Why Softbank Reduced its Investment in WeWork WeWork, which quickly made a name for itself in the coworking space industry, has been incurring losses lately

By Komal Nathani

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The largest shared spaces occupier WeWork rebrands itself to "We Company" after Japanese conglomerate Softbank slashed its previously intended investment of $16 billion to $2 billion. The move, however, comes as an assurance to existing investors that the company can overcome the massive losses it made in 2018.

On Tuesday this week, the chief executive of WeWork, Adam Neumann announced the company's rebranded name in a hall packed with WeWork executives at a conference in Los Angeles. Citing the new divisions in the company, Neumann talked about how it is going to work. The key three divisions would be: WeWork, which runs 500 serviced offices across the world; WeLive, its co-living residences; and WeGrow, the education business run by Neumann's wife, Rebekah Paltrow.

Founded in 2010 by Neumann, WeWork quickly made a name for itself in the coworking space industry, expanding its operations to 425 locations globally in a short span of time. The coworking space company that gives free crafted beers, snacks and coffees to its consumers, has been reeling under losses from the past few months. In the first nine months of 2018, losses reportedly quadrupled from a year earlier to $1.2 billion, on sales of $1.5 billion.

Why Softbank scrapped investment

Until last year, the Japanese giant had its eye on buying major stake of the American company by injecting more money in the company. WeWork was in talks with the private equity fund investor to fuel its expansion in China, Japan, South Korea and elsewhere in Asia, wherein Softbank envisioned pumping its $16 billion from Softbank's Vision Fund to buy all outside investors of the company.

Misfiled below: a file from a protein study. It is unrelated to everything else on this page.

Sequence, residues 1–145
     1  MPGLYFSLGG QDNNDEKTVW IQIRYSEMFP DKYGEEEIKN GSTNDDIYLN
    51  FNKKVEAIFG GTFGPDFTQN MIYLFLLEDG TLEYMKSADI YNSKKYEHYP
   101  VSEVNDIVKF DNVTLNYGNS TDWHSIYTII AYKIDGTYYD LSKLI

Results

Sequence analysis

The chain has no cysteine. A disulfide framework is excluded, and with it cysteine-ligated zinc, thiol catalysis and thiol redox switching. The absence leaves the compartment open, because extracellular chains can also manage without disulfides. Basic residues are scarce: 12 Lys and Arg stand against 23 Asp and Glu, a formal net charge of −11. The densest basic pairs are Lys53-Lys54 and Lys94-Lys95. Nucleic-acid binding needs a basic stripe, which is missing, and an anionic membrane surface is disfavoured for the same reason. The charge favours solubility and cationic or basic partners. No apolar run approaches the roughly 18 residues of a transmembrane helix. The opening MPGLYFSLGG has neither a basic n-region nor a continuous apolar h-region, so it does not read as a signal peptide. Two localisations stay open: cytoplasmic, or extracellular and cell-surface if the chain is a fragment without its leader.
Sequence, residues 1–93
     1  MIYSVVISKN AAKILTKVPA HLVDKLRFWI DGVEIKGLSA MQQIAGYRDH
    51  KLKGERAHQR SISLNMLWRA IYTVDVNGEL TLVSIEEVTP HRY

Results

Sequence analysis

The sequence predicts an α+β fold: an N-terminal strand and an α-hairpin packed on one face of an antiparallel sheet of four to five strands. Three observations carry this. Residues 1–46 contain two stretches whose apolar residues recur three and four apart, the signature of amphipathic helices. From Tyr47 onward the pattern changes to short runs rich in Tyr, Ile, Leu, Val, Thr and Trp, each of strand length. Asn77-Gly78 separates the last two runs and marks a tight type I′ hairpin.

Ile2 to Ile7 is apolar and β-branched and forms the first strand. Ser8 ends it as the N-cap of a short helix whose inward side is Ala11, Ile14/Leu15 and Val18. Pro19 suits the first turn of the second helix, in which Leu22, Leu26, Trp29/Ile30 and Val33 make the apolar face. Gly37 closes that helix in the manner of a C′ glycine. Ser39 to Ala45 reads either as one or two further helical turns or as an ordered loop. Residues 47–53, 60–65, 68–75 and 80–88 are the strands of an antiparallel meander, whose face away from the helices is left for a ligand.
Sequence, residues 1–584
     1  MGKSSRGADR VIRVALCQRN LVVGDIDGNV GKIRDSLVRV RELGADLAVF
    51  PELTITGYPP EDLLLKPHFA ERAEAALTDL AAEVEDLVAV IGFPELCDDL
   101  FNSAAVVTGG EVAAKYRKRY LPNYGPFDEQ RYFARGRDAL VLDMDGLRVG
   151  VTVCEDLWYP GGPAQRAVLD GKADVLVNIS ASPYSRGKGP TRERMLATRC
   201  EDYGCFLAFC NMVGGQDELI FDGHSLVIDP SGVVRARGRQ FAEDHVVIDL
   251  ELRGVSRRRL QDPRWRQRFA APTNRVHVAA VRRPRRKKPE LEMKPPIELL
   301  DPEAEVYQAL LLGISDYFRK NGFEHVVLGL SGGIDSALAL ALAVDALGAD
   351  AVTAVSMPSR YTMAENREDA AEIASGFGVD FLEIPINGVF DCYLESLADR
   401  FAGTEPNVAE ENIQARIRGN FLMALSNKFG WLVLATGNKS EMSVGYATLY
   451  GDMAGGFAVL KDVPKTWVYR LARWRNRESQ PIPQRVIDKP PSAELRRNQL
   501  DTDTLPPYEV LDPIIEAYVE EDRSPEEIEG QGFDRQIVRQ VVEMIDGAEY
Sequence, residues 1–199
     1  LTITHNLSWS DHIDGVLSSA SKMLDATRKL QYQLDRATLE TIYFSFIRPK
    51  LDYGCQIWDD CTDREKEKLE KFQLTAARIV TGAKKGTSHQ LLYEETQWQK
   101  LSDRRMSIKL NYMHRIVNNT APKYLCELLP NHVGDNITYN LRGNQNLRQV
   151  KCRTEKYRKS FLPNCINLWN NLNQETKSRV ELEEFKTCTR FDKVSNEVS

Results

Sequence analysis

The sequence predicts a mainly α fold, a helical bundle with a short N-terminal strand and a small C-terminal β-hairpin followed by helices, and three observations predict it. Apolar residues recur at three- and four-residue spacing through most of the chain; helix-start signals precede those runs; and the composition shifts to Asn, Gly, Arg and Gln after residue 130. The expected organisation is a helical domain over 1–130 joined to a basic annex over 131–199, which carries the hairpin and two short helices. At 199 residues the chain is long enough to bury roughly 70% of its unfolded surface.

The recent decline in tech stocks amid global market turbulence influenced Softbank's decision to pursue a lower investment than what the company has earlier planned.

However, in a statement to press, Softbank's Masayoshi Son shows his confidence in the firm's plans to turn profitable this year. Softbank and its Vision Fund invested $4.4 billion in WeWork last year and the Japanese company holds two board seats.

Why WeWork is in losses

The New York-based shared spaces company, WeWork has doubled its revenue every year for the past few years, but rapid expansion has led to heavy losses.

In the first three quarters of 2018, WeWork lost $1.22 billion and generated $1.25 billion in revenue, Fast Company reported. In past years, the company has attracted investment from Goldman Sachs and JP Morgan, as well as SoftBank.

The Japanese bank's previous investment in WeWork valued the eight-year-old company at $42 billion, making Neumann's remaining stake worth $2.5 billion.

WeWork, despite the huge valuation has yet to turn a profit and reported a loss of $723 million in the first half of 2018.

WeWork's ambitious IPO plan

Softbank's reversal on investment in WeWork has made a direct impact on its IPO plan. The shared space startup was planning to go public after the Softbank's funding.

However, Neumann isn't afraid to step back from taking less risks in the business. His firm belief in investing money remains the same, as he mentioned in the Los Angeles conference. However, it remains to be seen whether the company can show fortitude and turn things around to become profitable.

Komal Nathani

Former Correspondent, Entrepreneur Asia Pacific

A firm believer of hard work and patience. Love to cover stories that hold a potential to change the momentum of business world. Currently, a part of all-women web team of Entrepreneur’s Asia Pacific edition to jig the wheel of business journalism!

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